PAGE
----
The Washington Times:
Design issue becomes latest embarrassment for Littoral Combat Ship project
The USS Freedom was meant to be the starting point in a revolution in naval warfare in September 2006, when the newly commissioned combat vessel slid into the Menominee River in Marinette, Wisconsin.
It was the first launch of a class of high-tech littoral combat ships (LCS,) designed to be agile, stealthy and plugged-in while fighting in the dangerous shallow draft coastal areas where Pentagon strategists believed the wars of the 21st century will largely be fought.
But the LCS project has been bedeviled with engineering headaches and cost overruns since its very inception, a chronic headache for a beleaguered U.S. Navy that has been fighting budget and performance battles on a growing number of fronts. Now, a newly revealed mechanical problem with the LCS propulsion system could signal a potentially disastrous design flaw throughout the Freedom-class littoral combat ships, leaving Navy officials with a massive repair project on their hands.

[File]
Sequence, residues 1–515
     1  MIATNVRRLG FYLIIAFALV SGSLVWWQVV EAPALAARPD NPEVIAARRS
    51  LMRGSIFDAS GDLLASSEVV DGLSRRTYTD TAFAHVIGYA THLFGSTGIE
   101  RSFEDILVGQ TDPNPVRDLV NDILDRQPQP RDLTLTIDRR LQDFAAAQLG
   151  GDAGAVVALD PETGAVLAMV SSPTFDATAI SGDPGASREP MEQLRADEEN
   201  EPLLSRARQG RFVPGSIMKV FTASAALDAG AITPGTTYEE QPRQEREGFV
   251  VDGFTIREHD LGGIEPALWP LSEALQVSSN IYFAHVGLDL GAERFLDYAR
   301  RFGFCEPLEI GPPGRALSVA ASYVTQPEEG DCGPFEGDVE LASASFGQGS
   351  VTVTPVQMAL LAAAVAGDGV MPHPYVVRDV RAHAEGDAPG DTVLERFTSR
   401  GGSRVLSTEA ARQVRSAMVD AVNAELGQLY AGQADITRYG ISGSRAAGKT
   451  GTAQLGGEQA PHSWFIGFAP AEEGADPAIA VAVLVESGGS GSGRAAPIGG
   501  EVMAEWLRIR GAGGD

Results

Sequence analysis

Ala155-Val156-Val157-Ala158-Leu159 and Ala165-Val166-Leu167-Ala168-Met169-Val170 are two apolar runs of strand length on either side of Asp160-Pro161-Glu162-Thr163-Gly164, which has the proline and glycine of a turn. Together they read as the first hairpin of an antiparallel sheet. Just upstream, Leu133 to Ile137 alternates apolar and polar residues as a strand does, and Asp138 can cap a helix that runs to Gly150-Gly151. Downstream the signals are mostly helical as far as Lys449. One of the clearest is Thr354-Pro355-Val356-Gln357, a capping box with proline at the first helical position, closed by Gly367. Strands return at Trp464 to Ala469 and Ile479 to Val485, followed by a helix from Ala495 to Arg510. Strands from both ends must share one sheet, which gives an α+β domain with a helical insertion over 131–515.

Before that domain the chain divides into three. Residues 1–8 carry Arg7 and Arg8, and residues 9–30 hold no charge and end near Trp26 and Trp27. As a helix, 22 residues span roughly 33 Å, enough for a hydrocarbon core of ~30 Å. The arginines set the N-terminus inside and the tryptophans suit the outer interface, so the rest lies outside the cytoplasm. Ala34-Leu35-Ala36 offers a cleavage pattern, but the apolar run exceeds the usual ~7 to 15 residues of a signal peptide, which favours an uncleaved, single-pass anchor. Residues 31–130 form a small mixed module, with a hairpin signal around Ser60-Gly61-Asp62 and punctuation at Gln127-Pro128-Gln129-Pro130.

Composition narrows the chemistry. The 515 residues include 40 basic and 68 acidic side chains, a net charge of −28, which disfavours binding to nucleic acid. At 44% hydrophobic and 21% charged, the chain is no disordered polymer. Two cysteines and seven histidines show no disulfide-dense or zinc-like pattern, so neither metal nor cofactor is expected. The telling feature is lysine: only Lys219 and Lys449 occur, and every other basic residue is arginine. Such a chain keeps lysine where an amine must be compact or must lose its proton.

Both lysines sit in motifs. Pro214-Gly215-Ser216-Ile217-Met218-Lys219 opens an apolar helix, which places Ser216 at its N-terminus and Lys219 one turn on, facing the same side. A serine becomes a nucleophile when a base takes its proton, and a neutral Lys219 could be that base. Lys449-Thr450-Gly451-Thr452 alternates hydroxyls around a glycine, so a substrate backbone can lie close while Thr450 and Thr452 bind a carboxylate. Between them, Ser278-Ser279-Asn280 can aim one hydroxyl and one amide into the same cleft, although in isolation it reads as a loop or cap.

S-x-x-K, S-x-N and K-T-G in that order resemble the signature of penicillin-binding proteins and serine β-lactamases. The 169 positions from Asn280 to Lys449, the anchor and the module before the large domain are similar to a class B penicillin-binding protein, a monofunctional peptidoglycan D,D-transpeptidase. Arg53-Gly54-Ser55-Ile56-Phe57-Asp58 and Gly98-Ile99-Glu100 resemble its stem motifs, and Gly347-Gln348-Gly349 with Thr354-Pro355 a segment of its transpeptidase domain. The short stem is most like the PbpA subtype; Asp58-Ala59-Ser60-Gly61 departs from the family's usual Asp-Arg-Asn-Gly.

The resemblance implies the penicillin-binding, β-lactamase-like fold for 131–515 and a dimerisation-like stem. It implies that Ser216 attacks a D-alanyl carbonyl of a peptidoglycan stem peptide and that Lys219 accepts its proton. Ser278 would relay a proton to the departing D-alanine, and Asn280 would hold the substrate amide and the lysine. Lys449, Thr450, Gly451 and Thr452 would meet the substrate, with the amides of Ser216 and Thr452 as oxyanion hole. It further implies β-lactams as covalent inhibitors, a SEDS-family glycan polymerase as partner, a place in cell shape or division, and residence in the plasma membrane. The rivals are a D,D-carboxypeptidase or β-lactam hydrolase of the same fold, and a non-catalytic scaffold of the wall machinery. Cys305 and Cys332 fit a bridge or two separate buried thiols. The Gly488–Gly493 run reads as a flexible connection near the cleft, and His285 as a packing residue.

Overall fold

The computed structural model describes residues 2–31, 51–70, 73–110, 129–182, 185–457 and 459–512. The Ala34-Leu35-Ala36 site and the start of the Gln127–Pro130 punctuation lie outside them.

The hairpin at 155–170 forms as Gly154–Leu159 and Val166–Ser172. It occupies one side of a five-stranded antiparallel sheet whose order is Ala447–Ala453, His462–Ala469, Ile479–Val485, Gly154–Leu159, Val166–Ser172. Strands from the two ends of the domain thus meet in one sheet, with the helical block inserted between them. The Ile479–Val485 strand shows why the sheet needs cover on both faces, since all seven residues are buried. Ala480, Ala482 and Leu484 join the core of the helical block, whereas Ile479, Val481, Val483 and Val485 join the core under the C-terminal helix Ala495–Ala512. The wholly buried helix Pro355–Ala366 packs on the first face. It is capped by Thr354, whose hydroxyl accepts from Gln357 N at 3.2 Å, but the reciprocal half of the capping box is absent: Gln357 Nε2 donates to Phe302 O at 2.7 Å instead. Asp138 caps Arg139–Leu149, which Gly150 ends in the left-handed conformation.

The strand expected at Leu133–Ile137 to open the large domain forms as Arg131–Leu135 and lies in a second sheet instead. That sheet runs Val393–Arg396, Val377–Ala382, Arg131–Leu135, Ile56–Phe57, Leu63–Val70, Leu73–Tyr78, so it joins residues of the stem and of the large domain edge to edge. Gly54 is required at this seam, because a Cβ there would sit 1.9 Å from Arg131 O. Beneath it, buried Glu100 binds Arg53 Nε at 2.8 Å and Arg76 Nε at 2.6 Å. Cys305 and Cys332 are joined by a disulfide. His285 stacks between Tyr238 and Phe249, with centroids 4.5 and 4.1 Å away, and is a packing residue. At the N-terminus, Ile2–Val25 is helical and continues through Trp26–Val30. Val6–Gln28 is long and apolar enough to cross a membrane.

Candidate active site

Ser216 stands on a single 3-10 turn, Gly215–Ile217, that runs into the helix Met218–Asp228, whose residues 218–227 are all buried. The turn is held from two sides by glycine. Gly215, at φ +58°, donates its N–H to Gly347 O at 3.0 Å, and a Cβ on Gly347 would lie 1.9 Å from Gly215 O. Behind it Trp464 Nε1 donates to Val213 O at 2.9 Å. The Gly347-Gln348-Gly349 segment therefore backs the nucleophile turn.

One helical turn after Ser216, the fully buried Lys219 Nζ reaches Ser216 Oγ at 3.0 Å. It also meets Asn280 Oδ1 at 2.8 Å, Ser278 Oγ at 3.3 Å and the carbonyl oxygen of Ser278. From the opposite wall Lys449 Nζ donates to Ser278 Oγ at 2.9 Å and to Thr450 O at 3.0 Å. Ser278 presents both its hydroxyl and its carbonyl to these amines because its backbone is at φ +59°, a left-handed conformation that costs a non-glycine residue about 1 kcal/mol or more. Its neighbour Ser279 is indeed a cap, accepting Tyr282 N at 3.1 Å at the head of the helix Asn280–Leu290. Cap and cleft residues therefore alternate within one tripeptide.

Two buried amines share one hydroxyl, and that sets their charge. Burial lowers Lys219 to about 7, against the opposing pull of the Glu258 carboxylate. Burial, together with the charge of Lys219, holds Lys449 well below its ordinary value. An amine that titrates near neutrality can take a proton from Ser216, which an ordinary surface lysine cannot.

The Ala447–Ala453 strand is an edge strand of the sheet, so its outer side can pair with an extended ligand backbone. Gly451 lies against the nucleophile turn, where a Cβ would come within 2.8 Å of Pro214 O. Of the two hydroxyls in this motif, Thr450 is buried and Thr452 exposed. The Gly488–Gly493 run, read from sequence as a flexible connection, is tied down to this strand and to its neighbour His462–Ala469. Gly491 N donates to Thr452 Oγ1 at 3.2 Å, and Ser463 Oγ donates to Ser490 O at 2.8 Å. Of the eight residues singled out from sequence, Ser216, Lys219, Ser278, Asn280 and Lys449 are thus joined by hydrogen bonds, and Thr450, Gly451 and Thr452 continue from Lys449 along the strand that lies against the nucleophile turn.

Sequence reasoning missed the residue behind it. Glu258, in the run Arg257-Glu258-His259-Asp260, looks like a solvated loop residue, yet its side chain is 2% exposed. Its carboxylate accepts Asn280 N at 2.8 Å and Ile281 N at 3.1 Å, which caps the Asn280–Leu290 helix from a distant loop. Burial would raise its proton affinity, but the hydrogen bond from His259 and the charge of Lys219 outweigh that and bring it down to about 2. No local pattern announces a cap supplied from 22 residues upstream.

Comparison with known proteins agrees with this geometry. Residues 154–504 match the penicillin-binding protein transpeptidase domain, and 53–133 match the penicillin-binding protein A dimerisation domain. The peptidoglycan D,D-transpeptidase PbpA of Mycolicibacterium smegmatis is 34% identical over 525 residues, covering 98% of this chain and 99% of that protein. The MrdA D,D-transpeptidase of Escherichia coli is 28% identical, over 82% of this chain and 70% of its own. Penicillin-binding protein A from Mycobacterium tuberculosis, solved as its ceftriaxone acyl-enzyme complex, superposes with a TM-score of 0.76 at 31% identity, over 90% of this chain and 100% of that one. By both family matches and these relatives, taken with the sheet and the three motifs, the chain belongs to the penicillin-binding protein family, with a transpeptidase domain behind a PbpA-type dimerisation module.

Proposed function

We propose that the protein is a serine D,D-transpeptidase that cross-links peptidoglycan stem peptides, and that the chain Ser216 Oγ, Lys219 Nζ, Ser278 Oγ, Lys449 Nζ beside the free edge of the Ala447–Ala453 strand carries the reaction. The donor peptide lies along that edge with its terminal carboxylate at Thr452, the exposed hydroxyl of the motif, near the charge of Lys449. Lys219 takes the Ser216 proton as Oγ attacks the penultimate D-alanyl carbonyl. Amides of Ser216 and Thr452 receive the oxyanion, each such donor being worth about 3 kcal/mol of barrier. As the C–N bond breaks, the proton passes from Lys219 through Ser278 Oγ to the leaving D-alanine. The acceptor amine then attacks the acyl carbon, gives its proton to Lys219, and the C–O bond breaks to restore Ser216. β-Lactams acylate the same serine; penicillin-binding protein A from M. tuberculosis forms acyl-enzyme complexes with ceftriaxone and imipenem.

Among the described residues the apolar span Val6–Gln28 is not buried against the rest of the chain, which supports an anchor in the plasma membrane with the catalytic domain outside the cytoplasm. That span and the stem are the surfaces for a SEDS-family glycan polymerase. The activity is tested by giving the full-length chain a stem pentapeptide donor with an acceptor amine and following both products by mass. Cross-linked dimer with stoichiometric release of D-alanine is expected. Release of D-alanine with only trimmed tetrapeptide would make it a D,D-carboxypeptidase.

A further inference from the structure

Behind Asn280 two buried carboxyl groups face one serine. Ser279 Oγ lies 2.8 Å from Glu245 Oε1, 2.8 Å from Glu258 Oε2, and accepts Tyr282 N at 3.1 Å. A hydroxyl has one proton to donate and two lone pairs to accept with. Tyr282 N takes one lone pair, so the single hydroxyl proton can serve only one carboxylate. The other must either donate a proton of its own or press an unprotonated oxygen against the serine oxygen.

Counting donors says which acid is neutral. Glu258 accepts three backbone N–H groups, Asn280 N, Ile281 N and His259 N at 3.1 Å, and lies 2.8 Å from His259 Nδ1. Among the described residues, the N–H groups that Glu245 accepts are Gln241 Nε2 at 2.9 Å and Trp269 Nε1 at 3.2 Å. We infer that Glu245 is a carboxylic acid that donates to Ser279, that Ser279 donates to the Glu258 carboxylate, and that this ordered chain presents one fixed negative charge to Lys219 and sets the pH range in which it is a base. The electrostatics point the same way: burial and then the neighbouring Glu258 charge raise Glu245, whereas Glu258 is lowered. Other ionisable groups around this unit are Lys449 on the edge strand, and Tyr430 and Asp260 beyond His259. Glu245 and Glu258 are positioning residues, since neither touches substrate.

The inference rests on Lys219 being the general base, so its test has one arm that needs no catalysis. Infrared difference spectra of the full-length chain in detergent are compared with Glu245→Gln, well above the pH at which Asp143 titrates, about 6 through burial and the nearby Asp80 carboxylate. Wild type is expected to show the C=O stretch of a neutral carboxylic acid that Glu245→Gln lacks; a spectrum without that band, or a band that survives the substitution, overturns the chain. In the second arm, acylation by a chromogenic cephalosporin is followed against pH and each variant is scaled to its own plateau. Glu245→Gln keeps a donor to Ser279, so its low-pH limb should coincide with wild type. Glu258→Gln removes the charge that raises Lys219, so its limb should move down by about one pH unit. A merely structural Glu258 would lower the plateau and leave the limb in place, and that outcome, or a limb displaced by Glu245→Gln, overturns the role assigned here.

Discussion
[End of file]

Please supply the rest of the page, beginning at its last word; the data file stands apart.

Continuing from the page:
“We’ve had significant challenges introducing the ship to the fleet, successfully operating the ship, [and] ensuring it meets the minimum mission capabilities we desire,” said retired Navy Rear Adm. Mark Montgomery, now a senior director of the Center on Cyber and Technology Innovation at the Foundation for Defense of Democracies.
For the Navy, a system-wide design flaw for the LCS project would represent another misstep in what’s been a draining period of logistical nightmares, public relations missteps and political controversies. The service also is bracing for a leadership change as the Biden administration comes to power in January, and the high likelihood of flat defense budgets moving forward may mean less tolerance for any kind of cost overruns or mismanagement.